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Supply Chain Management: From Vision to Implementation. Chapter 1: Supply Chain Management and Competitive Strategy. Chapter 1: Learning Objectives. Define supply chain management and identify how supply chain collaboration can improve performance.

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supply chain management from vision to implementation

Supply Chain Management: From Vision to Implementation

Chapter 1: Supply Chain Management and Competitive Strategy

chapter 1 learning objectives
Chapter 1: Learning Objectives
  • Define supply chain management and identify how supply chain collaboration can improve performance.
  • Discuss the extent to which supply chain strategies are being implemented.
chapter 1 learning objectives3
Chapter 1: Learning Objectives
  • Define strategic management and discuss how supply chain management supports the development and execution of a winning competitive strategy.
  • Identify the four process steps involved in designing and implementing a supply chain strategy.
theory of supply chain management
Theory of Supply Chain Management

Companies seek to design business models that meet customer needs better than competitors. Success depends on the ability to

Design, Make, and Deliver

innovative, high quality, low cost products and services that customers demand.

theory of supply chain management5
Theory of Supply Chain Management
  • Supply chain management allows companies to focus on their unique skill sets.
  • Supply chain management requires a common understanding of supply chain objectives and individual roles, an ability to work together, and a willingness to adapt in order to create and delivery the best products and services possible.
supply chain management defined
Supply Chain Management Defined

Supply chain management is the design and management of seamless, value-added processes across organizational boundaries to meet the real needs of the end customer.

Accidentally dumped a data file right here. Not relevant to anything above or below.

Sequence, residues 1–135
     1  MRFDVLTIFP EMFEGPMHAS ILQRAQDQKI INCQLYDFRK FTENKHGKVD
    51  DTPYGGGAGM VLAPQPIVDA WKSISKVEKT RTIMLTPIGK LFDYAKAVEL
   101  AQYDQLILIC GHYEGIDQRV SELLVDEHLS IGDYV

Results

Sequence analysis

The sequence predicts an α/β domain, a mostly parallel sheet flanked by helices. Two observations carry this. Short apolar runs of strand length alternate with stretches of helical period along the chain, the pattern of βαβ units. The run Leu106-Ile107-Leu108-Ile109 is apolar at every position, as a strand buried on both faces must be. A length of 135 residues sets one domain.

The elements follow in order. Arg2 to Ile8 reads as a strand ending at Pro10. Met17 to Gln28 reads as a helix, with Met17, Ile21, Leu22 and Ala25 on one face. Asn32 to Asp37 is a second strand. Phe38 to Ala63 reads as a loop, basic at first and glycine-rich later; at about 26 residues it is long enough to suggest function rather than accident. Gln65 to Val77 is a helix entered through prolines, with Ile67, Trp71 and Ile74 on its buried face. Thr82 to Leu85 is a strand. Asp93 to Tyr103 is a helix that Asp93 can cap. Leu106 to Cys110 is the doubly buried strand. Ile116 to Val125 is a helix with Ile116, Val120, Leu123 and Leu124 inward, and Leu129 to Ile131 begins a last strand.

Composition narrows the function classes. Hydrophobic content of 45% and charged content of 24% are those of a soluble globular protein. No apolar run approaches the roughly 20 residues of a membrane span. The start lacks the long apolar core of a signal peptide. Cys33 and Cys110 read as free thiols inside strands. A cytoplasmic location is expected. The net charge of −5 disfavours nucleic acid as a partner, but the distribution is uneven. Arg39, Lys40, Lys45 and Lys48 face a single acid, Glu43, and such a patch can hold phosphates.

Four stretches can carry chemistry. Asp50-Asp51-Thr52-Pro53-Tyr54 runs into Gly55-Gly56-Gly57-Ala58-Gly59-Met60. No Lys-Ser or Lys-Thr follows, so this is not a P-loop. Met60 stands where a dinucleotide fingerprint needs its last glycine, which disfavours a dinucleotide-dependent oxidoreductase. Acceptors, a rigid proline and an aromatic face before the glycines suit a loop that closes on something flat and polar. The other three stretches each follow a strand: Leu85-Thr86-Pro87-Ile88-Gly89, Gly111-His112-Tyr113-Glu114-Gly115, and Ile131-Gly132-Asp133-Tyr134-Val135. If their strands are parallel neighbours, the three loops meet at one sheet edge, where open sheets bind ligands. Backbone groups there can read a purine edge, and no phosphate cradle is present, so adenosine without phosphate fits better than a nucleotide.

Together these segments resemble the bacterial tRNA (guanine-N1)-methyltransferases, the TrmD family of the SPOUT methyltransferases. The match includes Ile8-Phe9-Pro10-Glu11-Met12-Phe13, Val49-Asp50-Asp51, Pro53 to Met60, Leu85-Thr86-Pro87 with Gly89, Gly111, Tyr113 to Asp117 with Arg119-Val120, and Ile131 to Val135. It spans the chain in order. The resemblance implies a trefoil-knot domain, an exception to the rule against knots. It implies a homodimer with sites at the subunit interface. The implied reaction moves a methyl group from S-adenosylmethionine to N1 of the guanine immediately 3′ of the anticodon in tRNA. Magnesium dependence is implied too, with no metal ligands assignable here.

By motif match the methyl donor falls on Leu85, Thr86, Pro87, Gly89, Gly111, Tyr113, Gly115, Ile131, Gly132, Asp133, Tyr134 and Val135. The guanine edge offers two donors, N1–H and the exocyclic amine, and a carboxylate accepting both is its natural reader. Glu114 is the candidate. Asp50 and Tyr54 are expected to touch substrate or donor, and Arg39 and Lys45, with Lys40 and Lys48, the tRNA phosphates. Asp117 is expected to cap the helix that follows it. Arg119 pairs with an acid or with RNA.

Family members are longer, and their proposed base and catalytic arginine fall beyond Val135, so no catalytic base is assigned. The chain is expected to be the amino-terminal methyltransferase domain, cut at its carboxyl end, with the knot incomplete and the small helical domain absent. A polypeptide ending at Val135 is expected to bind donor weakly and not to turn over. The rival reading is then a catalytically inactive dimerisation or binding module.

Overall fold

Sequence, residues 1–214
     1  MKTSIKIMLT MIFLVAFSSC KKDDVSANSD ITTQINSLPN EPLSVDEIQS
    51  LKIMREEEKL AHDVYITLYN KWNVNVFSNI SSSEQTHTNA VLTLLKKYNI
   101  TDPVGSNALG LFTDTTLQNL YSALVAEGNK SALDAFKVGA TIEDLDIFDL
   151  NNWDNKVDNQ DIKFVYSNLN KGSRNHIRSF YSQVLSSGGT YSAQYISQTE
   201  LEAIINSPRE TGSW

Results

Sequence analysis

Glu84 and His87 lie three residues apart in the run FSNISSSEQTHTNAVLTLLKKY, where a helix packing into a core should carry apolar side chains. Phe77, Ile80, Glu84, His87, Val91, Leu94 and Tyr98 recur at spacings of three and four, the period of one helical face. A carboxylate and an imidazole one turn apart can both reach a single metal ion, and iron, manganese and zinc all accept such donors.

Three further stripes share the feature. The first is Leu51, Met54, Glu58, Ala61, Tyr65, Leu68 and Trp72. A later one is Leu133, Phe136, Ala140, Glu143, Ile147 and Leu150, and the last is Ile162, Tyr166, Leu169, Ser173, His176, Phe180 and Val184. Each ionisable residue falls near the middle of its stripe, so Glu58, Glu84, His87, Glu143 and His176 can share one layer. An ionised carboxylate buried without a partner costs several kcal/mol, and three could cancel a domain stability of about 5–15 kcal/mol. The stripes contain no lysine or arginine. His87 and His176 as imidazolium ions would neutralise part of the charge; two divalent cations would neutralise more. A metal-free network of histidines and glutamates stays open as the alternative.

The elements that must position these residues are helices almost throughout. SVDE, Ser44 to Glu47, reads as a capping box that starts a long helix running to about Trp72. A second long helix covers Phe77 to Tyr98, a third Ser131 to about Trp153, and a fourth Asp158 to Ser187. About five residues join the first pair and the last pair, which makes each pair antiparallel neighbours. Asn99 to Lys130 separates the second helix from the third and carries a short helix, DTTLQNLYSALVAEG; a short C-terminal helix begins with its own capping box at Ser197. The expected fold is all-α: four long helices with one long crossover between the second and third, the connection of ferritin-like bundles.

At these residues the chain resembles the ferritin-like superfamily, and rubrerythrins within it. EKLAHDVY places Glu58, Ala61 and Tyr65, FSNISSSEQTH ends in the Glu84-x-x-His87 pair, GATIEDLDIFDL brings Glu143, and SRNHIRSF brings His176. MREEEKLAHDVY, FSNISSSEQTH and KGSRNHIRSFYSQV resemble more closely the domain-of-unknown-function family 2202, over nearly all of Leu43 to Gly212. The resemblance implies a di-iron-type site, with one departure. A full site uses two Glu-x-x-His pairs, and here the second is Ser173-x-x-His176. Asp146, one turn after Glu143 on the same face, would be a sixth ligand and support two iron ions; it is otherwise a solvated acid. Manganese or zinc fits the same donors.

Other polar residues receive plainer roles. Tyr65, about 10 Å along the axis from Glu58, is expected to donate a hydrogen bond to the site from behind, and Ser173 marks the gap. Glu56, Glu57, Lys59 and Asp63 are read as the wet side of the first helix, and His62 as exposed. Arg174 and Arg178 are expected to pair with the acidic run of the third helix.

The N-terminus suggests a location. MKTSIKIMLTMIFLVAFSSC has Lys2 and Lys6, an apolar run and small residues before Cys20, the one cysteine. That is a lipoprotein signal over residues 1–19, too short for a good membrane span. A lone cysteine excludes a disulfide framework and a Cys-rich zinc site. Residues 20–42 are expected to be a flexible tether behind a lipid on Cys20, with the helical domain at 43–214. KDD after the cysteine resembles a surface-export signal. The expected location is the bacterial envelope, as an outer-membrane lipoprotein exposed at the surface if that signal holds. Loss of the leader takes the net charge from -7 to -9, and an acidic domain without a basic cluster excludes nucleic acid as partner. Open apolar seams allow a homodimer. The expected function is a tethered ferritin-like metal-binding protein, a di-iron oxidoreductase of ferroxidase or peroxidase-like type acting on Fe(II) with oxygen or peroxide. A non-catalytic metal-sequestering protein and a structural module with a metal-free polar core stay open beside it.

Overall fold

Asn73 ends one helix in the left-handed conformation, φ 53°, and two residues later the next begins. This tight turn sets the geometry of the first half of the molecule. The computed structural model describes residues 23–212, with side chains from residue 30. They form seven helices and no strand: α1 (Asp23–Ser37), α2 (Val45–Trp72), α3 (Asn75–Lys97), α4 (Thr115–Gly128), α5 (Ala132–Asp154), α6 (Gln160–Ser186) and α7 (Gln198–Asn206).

- Institute for Supply Management

supply chain integration
Supply Chain Integration
  • Internal Process Integration: increase collaboration among the company’s functional groups.
  • Backward Process Integration: collaboration with 1st-tier and 2nd-tier (leading companies) suppliers.
  • Forward Process Integration: collaboration with 1st-tier customers.
  • Complete Integration: collaboration from the “suppliers’ supplier to the customers’ customer.”
internal value chain elements
Internal Value Chain Elements
  • Executive Management defines company strategy and allocates resources to achieve it.
  • Supply Management coordinates the upstream supply base, finding the right suppliers and building the right relationships with them.
  • Operations transforms the inputs acquired from suppliers into more highly valued products.
  • Logistics moves and stores materials so they are available when and where they are needed.
  • Marketing manages the downstream relationships with customers, identifying their needs and communicating to them how the company can meet those needs.
internal value chain elements14
Internal Value Chain Elements
  • Human Resources designs the systems used to hire, train, and develop the company’s employees.
  • Accounting maintains business records that provide information needed to control operations.
  • Finance acquires and controls the capital required to operate the business.
  • Information Technology builds and maintains the systems needed to capture and communicate information among decision makers.
  • Research and Development (R&D) is responsible for new product design.
internal value chain company focus
Internal Value Chain: Company Focus





internal value chain company focus17
Internal Value Chain: Company Focus





scm linked value chains
SCM: Linked Value Chains









supply chain integration19
Supply Chain Integration


Theoretical Ideal

supply chain management problems
Supply Chain Management Problems